You have described millets as a solution to the climate crisis due to their efficient photosynthesis and low reliance on external inputs. Yet, reports of millet crop failures in Uttarakhand due to changing climate patterns emerged. How are millets climate crisis mitigators?

Millets stand as the answer to climate change. They emit no greenhouse gases and grow without chemicals. Contrary to reports, I’ve witnessed millets thriving in varying conditions, including drought and heavy rain. Their resilience, adaptation, and carbon sequestration potential make them vital for climate mitigation. Addressing moisture, not just CO2, is crucial. Native varieties endure climate turmoil and offer a solution.

Are you referring to native millet varieties?

Yes, I’m talking about native varieties of all seeds, with a focus on millets. In some areas from Dehradun to the plains, there’s a trend of planting Monsanto’s hybrid corn, which is heavily promoted. Our research indicates that 75 per cent of this corn is used for animal feed. This year, heavy rains have caused extensive flooding in these corn fields, revealing their inability to handle excess water.

Modern hybrids are tailored for specific inputs, and any deviation can lead to failure. When Monsanto introduced hybrid corn in Bihar, it failed, and Nitish Kumar compensated farmers instead of holding Monsanto accountable. Millets, contrary to some claims, are resilient to climate change.

How is agriculture science structured in India today, and how can technology better ensure food security?

India boasts an ancient culture of agricultural science, going back 10,000 years. Albert Howard recognised India’s fertile soils, rich biodiversity, and farming practices. He emphasised two principles: diversity in crops and the Law of Return, focussing on giving back to the soil. We need to acknowledge indigenous agricultural systems, now recognised as “agroecology” and “regenerative organic farming”.

The prevailing Green Revolution system doesn’t qualify as true science because it neglects the soil’s living nature, promotes monoculture, and lacks holistic thinking. True agricultural science considers relationships between soil, plants, and gut microbiomes. We can’t have a food system oriented toward commodities, biofuels, and animal feed; it must prioritise nutrition and respect life’s interconnectedness.

A 2022 NITI Aayog report indicates that 80 per cent of economically active women in India are employed in agriculture, with only 13 per cent owning land. How can gender-specific interventions address this issue?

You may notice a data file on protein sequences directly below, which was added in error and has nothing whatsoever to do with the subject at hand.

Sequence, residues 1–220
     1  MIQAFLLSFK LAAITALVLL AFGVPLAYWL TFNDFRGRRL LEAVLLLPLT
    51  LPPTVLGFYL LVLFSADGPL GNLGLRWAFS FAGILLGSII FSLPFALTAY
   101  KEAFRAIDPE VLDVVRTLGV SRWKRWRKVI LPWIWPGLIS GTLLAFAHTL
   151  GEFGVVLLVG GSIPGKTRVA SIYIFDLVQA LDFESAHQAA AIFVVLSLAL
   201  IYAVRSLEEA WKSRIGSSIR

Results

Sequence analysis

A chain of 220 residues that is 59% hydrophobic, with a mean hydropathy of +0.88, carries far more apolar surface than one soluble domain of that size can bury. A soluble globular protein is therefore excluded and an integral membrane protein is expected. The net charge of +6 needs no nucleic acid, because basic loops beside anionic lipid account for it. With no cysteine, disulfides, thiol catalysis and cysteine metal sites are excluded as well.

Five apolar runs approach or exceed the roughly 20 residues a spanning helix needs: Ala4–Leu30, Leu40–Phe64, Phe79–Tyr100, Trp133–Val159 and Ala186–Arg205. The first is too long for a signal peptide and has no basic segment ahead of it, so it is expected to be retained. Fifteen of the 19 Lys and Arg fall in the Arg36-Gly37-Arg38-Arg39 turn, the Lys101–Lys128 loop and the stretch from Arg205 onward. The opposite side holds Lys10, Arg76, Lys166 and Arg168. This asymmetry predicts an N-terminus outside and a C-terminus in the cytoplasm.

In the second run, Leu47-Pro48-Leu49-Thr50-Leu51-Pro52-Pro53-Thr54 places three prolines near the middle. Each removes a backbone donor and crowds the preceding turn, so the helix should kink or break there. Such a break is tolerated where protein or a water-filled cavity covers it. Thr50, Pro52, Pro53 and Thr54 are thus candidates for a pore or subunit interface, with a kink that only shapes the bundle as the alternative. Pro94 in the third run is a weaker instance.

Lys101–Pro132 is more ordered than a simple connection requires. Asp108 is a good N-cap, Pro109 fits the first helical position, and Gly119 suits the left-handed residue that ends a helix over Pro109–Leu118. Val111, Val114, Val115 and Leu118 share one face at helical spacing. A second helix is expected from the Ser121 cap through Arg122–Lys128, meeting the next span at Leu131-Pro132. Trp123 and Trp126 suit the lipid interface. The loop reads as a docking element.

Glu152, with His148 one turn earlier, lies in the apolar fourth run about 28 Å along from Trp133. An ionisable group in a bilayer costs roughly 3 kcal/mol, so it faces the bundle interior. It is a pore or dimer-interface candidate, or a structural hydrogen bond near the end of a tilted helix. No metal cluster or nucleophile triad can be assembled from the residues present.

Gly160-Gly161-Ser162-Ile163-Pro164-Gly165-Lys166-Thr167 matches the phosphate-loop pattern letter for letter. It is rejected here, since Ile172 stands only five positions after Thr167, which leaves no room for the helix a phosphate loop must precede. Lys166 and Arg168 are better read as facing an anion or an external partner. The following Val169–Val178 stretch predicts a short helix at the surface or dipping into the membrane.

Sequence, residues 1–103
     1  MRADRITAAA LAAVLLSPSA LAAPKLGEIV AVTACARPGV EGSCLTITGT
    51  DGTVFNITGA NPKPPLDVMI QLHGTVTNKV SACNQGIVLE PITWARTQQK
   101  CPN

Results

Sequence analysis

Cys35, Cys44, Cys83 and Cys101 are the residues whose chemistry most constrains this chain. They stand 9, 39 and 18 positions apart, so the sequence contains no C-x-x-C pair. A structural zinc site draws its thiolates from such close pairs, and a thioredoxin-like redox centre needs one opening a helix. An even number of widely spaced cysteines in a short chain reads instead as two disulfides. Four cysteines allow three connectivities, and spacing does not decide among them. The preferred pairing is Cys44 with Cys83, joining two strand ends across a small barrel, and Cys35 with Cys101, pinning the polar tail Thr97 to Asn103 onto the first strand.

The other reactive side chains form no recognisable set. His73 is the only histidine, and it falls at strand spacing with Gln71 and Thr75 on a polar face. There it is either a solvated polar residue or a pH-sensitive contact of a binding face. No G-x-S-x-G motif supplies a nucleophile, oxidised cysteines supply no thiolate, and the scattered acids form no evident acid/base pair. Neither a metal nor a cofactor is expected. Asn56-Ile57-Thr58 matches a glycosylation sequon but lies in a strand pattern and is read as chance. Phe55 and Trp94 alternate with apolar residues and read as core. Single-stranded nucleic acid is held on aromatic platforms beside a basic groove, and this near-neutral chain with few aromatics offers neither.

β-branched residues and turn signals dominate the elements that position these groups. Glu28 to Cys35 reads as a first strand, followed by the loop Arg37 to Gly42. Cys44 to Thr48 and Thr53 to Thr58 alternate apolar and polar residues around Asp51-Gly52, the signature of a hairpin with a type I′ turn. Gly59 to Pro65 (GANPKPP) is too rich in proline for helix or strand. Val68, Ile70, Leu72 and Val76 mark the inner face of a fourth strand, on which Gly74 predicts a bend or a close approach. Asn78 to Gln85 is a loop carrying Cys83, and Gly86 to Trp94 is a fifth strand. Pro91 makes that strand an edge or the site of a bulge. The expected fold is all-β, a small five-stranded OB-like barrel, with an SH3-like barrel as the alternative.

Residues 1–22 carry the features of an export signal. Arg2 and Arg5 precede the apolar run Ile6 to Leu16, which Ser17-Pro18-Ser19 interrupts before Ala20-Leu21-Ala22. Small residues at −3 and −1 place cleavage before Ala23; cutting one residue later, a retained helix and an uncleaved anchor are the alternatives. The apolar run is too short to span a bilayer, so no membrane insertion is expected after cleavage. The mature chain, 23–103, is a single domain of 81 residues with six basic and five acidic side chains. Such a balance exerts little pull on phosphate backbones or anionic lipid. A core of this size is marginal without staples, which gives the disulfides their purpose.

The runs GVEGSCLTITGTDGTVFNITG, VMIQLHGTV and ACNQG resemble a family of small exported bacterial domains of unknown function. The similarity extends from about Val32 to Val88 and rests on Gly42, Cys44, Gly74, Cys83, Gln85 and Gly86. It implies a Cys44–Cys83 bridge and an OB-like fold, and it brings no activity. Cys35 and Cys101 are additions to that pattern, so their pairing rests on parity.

In 1991, I reported to the United Nations that most Indian farmers are women, as they are the ones working the land. Private property in farming land was created by one stroke of a pen in 1793 by Lord Cornwallis dispossessing the peasantry, creating zamindari for rent collection. Before that land was a commons, with men and women holding usufructuary rights, not private property rights.

To rectify land issues, we must reclaim land as a commons with shared use rights for both men and women. Women in agriculture should have rights to seeds, water, and land, and policies, like those outlined in a document I helped create for the National Commission of Women, and this should be enacted to ensure gender equality.

You have consistently linked genetically modified crops to farmer suicides in India. In a 2014 article, you highlighted that the context of these relationships drives farmers to suicide. However, public reports, including the National Crime Records Bureau (NCRB), do not list genetically modified organisms as a suicide factor. Could you explain?

When I refer to genetically modified organisms, I’m referring to a non-renewable, monopolistic technology. In the case of cotton, it’s monopolised by a single company, Monsanto. They illegally introduced Bt cotton to India, exploiting the trade name Bollgard. While we prevent seed patenting, Monsanto bypassed it through trade names and false patent claims.

This was evident in the cotton belt, where I traced the crisis via a seed pilgrimage. Farmers were left with no choice when local seeds were replaced. The highest suicide belt, Vidarbha, saw local varieties stopped by the Cotton Research Institute. Bt cotton’s price surged from Rs. 5-10 to Rs. 1,000 per kilo, making farmers vulnerable to drought and pests. Bt didn’t even control pests.

It is a system monopolising seeds, imposing unaffordable prices, trapping farmers in debt. Agents turned distributors, entrapping farmers into contracts whose terms they did not understand. Suicides occur due to debt, not technology. I analyse technology’s ecological and social implications.

Also Read | Silent tragedy strikes Sri Lanka as hunger crisis looms

In March 2022, you tweeted about Sri Lanka’s debt crisis and supported their move to full organic farming in 2021. Considering the economic turmoil, did you not anticipate the consequences of such a swift change?

As someone dedicated to promoting sustainable farming globally, my focus is on advocating right farming practices that don’t harm the environment or biodiversity, regenerate soil, and reduce greenhouse gases. The context matters. Sri Lanka was already in debt and faced severe challenges due to COVID-19. The sudden decision to halt fertilisers wasn’t a comprehensive organic policy like Cuba’s. It was more about financial savings.

An organic shift should involve training, local markets, and extension officers. Organic doesn’t mean less food. Had a completely organic system been implemented, like in Cuba, the crisis might have been averted.

The fertilizer ban was implemented overnight, but in 2019, President Rajapaksa’s manifesto proposed chemical-free food. Was your recommendation suitable in Sri Lanka’s economic context then?

Sri Lanka has a strong organic movement. Many farmers are successful with local markets and restaurants. However, the crisis can’t be solely attributed to an organic shift. It was a sudden fertiliser ban due to financial constraints.

Farmers’ distress and Sri Lanka’s crisis can’t be simplified into organic versus chemicals narratives. Both have nuances. The narrative of going organic leading to starvation or chemicals in farming saving India in 1965 is flawed. Organic farming’s success depends on its implementation and support.

Sign in to Unlock member-only benefits!
  • Bookmark stories to read later.
  • Comment on stories to start conversations.
  • Subscribe to our newsletters.
  • Get notified about discounts and offers to our products.
Sign in


Comments have to be in English, and in full sentences. They cannot be abusive or personal. Please abide to our community guidelines for posting your comment